The Trinity Episcopal Church was built in 1871. It lies on the West Bank of the Rancocas Creek on Mill Street and is just absolutely adorable. A well-known woman in Philadelphia philanthropic history, Mary Irick Drexel, married here on November 18, 1891. Mary was born in Vincentown in 1868 and never forgot her roots. She married a millionaire. Ka-Ching! As you will see, further along in this article, a building she donated, to the people of Southampton Township.
Within a few hundred feet of this church, is Eagle Walk. A hiking trail created and maintained by the local Boy Scouts. It is located between 30 and 52 Mill Street for more specific directions. It’s a lovely trail lining the Rancocas Creek. Trees are labeled for educating pleasure and its truly a pleasant place to explore for any nature lover.
Across the street from the Trinity church and Boy Scout Trail, is the Vincentown-Tabernacle Building. The building suited many occupants over its years. It was Millinery Shop and later a tin shop. In 1906, the building was converted to the telephone company. It started out with only 30 subscribers. In 1930, The Bell Telephone Company purchased the company. It was the last remaining telephone company in all of South Jersey.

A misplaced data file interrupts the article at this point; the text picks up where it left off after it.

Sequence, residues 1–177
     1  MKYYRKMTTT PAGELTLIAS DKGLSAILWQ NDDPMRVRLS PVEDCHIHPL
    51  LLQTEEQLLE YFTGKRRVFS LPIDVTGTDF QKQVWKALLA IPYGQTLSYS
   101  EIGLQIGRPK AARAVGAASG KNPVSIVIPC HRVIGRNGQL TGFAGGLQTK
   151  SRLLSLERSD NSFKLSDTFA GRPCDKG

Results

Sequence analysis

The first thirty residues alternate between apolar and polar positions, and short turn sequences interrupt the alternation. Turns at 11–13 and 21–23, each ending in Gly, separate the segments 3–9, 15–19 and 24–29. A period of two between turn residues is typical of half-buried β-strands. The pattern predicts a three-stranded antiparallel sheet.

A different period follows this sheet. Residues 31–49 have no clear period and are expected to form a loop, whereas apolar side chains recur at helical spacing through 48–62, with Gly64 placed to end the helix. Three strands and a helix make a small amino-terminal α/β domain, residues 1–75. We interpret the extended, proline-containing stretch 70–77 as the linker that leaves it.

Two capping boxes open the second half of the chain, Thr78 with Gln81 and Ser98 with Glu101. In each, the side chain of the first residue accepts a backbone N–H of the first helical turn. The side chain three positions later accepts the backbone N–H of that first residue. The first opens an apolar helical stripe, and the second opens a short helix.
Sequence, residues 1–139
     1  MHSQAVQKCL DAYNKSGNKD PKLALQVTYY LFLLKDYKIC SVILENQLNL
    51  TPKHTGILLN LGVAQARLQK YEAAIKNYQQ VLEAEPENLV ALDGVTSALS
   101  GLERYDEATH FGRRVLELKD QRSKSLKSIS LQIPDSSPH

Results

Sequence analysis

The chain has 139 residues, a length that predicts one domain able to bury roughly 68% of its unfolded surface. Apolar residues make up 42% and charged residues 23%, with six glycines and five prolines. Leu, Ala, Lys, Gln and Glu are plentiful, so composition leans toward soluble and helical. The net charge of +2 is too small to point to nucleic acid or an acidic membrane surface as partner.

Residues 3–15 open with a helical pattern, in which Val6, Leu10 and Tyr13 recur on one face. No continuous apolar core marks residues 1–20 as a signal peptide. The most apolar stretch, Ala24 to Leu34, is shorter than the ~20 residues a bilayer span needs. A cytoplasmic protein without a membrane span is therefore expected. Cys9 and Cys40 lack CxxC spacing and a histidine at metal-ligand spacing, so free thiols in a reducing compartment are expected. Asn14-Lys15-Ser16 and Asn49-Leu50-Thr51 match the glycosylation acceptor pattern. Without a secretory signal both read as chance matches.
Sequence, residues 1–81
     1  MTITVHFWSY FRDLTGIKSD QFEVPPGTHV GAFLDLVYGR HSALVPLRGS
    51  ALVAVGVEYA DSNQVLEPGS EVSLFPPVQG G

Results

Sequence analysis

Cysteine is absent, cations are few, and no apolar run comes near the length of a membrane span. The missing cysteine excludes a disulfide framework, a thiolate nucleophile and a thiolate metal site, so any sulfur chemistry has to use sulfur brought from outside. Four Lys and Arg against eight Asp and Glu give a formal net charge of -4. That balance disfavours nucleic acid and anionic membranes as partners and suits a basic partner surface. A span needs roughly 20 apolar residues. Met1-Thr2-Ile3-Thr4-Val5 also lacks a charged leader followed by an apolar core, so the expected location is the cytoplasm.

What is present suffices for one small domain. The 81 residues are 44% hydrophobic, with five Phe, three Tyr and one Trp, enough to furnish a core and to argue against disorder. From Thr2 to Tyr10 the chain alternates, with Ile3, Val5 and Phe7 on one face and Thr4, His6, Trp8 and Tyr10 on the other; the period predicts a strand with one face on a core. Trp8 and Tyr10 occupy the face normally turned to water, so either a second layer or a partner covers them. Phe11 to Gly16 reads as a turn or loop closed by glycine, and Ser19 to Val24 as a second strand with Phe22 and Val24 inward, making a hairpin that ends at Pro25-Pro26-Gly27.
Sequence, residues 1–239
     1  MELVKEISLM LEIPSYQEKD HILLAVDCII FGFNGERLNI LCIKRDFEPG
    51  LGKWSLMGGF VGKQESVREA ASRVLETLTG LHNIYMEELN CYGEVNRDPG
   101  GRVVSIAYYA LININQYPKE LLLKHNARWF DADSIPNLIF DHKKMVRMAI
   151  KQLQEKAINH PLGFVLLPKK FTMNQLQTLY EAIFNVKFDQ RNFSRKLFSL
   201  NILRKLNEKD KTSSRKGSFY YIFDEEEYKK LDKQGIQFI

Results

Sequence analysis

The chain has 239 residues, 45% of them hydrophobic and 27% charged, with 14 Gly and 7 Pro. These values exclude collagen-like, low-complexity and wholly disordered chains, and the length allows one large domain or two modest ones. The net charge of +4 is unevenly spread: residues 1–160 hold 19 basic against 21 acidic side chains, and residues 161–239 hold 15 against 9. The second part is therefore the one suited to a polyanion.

West of the historic phone company site is the Mill Street Antique & Country Store. Location is 5 Mill Street. This little country store, will make any antique collector’s dream come true.
Where heading towards Main Street at this point and boy do I have MORE historical places and sites for your South Jersey exploring pleasure!
At 38 Main Street is the Jerris Butterworth House. Constructed in 1860 and no, it is not the family who made the most delicious Butterworth Syrup. She is listed on the National Register of Historic places and is in prime condition.
The First Baptist Church of Vincentown, 39 Main Street. The church was organized 1834. Between 1868 to 1870 the building at its current site was erected.
The Vincentown Grange Hall, organized in the 1800′s and reorganized in 1907. it is still very active in the community. It occupies the building which was once the Quaker Meeting House in the community, dating back to 1813. It’s date listed in the building. She sits at 115 Main Street.
The Sally Stretch Keen Memorial Library, 94 Main St, Southampton Township, NJ.
The Sally Stretch Keen Memorial Library of Vincentown, New Jersey, was incorporated in 1898 to establish and maintain a free public library for the use and benefit of the residents of Southampton Township. (As per their website) As I noted earlier, about Mary Irick Drexel. She never forgot her hometown. She dedicated the library, in memory of her mother, Sally Stretch Keen.